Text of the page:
Cheers,
Bart
« Last Edit: January 08, 2015, 06:10:16 am by BartvanderWolf »
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Alan Klein

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Re: Scanning color negatives - best resolution?
« Reply #45 on: January 08, 2015, 11:36:45 am »

Bart: So what's the best ppi to scan at on 35mm and on 120 using Epson Scan?

Bart_van_der_Wolf

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Re: Scanning color negatives - best resolution?
« Reply #46 on: January 08, 2015, 12:12:17 pm »

Bart: So what's the best ppi to scan at on 35mm and on 120 using Epson Scan?

Alan,

Best (resolution wise) is 6400 PPI (also) on Epson Scan, if you need it for the intended output size.

A compromise on Epson Scan would be 2400 PPI (extracts some 80% of available resolution), beyond which resolution can only increase a little bit while file size quadruples per full step. The difference between 2400 PPI and 6400 PPI is still significant, but only if you need it for a given output size. Higher than 6400 PPI has no significant effect on resolution.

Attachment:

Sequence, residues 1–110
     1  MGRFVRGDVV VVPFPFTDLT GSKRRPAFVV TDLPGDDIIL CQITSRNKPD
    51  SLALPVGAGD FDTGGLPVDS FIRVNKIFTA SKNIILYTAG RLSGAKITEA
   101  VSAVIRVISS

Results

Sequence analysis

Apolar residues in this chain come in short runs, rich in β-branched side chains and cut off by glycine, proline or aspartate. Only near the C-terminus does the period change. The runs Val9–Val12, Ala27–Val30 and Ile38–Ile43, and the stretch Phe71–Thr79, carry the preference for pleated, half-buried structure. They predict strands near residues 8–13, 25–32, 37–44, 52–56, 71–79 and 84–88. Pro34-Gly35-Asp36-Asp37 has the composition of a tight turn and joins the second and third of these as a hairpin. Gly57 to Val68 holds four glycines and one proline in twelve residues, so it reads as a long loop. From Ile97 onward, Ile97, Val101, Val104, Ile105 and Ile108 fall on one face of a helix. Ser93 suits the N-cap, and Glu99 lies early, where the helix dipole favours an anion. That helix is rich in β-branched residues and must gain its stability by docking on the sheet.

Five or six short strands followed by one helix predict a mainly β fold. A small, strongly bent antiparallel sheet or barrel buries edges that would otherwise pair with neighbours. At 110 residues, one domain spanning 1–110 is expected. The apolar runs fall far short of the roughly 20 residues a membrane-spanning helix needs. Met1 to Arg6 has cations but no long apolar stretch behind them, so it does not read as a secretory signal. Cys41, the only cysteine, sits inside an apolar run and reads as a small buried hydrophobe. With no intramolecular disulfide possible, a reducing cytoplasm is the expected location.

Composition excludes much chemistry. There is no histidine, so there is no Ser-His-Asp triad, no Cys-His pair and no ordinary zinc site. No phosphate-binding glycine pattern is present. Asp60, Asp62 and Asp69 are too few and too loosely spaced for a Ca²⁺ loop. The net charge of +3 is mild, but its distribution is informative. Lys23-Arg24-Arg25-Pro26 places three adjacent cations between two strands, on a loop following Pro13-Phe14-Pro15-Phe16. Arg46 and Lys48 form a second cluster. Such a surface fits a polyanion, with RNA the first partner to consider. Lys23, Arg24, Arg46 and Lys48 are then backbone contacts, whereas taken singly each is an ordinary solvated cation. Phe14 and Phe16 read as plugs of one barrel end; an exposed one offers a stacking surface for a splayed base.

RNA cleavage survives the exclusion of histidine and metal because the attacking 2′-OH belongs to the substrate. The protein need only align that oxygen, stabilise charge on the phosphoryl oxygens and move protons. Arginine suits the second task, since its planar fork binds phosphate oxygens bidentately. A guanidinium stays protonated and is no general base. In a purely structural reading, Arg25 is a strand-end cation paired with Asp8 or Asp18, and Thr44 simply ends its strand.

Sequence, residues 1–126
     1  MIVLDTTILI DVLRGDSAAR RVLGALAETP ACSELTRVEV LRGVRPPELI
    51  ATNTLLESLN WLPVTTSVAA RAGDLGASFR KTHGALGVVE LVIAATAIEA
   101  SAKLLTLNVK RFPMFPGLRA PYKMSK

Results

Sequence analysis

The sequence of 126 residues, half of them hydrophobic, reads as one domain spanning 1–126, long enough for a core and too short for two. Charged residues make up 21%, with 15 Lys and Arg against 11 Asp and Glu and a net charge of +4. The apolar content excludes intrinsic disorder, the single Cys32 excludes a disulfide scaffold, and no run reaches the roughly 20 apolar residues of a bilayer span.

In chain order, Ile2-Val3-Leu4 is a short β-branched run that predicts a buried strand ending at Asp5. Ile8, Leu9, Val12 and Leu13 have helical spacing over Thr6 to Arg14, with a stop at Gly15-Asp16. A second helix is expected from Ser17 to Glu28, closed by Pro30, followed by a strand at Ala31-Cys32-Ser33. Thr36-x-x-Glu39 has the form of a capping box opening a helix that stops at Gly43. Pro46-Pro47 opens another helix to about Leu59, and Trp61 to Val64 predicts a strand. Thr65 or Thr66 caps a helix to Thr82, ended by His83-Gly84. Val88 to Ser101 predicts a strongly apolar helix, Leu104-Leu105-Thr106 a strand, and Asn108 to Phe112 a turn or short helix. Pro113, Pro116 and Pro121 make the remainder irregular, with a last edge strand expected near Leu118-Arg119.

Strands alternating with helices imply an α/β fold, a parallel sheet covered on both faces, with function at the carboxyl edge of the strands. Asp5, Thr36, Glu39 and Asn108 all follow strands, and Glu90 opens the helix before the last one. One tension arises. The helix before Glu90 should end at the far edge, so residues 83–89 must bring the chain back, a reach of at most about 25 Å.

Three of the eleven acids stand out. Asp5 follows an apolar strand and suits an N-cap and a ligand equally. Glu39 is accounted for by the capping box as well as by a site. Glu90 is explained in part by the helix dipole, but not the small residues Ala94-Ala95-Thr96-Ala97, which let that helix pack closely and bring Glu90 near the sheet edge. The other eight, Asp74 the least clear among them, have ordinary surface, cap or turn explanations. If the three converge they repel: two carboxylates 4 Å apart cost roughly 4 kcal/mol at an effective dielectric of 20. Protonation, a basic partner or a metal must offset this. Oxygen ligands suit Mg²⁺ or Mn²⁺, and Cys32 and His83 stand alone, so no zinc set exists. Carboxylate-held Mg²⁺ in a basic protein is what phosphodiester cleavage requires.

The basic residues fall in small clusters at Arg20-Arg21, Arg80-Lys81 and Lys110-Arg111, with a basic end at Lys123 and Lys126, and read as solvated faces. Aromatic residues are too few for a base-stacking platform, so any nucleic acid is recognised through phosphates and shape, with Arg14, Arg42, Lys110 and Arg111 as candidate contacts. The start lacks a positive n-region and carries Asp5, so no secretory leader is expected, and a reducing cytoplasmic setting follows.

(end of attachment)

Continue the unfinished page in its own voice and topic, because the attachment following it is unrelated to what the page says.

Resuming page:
For storage it's best to scan high and down-sample to the lowest resolution you are likely to need.

Cheers,
Bart
« Last Edit: January 08, 2015, 12:29:02 pm by BartvanderWolf »
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Mark D Segal

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Re: Scanning color negatives - best resolution?
« Reply #47 on: January 08, 2015, 01:23:06 pm »

Alan,

Best (resolution wise) is 6400 PPI (also) on Epson Scan, if you need it for the intended output size.

A compromise on Epson Scan would be 2400 PPI (extracts some 80% of available resolution), beyond which resolution can only increase a little bit while file size quadruples per full step. The difference between 2400 PPI and 6400 PPI is still significant, but only if you need it for a given output size. Higher than 6400 PPI has no significant effect on resolution.